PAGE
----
National Grid: Power Play on US and UK

12/24/2015 10:00 am EST


Khoa Nguyen

Investment Analyst, Investing Daily

This featured recommendation—one of our steadiest, biggest yield generators—owns the wires and pipelines that transmit electricity and gas, explains Khoa Nguyen, editor of Global Income Edge.

Governments understand the importance of electrical infrastructure and support it by granting rate hikes for maintenance, improvements, and expansion.

This means a stable, long-term business for a company like Britain's National Grid (NGG). It owns and operates the high-voltage electricity transmission system across the UK and electricity transmission systems in the northeastern United States.

This isn’t a utility that generates power. It doesn’t own or operate any electricity generation in the United Kingdom, where about 65% of its business is.

Rather, it generates revenue as one of the world’s largest owners of wires that deliver electricity to UK customers.

This leaves the company free from the volatility of gas, coal, and oil prices, ensuring that its earnings are anchored to the increasing demand for electricity.

National Grid announced that it’s putting a majority stake of Britain’s $12.8 billion natural gas system, which it owns, up for sale.

The utility company is looking to invest the proceeds in faster-growing businesses, including in the US, where it already owns regulated electric and gas utilities, the main engines behind the company’s growth.

About 35% of National Grid’s assets are located in the United States, where it operates a regulated business with 100% pass-through in all of its contracts, meaning it’s protected from commodity price fluctuations by passing the costs on to its customers.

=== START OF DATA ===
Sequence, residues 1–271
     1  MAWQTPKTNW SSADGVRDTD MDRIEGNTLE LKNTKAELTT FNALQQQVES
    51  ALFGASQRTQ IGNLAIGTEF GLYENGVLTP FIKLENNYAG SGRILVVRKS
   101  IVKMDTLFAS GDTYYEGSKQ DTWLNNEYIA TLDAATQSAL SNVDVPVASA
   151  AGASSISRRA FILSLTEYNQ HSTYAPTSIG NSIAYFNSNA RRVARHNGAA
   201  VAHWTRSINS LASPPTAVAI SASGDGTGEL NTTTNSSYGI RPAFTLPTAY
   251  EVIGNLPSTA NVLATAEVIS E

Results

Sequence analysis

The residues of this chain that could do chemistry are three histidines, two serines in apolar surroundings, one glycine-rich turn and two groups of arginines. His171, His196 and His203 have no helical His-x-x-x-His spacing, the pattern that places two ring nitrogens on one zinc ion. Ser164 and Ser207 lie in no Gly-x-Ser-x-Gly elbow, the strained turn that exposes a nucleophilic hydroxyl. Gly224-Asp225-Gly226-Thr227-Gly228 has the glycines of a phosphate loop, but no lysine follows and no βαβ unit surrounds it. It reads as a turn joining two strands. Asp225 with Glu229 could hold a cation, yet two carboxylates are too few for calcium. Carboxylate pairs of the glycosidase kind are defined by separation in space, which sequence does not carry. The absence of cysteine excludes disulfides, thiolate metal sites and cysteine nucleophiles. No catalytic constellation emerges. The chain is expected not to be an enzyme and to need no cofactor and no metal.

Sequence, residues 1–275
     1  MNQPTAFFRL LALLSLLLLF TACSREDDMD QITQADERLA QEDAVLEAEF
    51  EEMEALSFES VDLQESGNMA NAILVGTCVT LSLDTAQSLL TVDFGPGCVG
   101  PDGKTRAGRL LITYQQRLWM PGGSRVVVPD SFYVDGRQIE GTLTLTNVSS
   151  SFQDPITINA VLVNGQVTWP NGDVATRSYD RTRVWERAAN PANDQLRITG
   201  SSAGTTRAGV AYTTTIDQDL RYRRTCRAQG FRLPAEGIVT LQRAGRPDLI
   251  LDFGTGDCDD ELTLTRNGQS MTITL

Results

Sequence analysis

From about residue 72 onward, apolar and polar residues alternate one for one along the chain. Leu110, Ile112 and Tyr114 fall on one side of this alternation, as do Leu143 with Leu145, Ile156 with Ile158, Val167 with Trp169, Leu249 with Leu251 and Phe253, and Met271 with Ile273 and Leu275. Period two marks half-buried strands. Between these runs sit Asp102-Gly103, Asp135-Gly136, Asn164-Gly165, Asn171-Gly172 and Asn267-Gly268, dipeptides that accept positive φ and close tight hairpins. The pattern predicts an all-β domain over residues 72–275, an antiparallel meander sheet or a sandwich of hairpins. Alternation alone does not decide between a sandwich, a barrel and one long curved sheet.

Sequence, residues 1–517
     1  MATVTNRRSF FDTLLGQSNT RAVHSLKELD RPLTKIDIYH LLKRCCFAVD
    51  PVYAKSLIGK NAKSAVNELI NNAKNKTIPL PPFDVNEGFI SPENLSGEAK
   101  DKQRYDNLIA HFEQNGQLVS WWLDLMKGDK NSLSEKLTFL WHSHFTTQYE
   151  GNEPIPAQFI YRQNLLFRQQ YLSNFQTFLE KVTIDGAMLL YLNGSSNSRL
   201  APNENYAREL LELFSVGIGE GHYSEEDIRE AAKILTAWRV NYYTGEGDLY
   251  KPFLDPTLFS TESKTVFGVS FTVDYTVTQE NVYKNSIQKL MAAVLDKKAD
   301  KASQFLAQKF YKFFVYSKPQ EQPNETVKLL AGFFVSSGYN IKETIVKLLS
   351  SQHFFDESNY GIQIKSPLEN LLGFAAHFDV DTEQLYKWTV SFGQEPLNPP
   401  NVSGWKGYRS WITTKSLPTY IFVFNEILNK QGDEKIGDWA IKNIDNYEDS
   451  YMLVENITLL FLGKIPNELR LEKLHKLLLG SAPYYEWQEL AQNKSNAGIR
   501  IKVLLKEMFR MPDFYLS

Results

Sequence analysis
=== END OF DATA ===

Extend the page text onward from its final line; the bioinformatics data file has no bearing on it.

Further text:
The company owns 50 fossil-fuel-powered stations on Long Island as well as solar generation and electricity power generation in Massachusetts.

The company is also the biggest natural gas distributor in the Northeast, serving roughly 3.6 million customers in the same three states.

The company is expected to keep its policy of raising its ordinary dividend at least in line with the retail price index’s rate of inflation; this means steady income growth for the company’s ADR, currently yielding 4.84%.

National Grid CEO Steve Holliday recently announced he would retire March 31, 2016, the end of the fiscal year. But expect the company’s long-term strategy to remain intact.

The new CEO, John Pettigrew, has spent his entire 25-year professional career with National Grid. He served on its board as executive director of its UK operations and has served as COO of its US operations.

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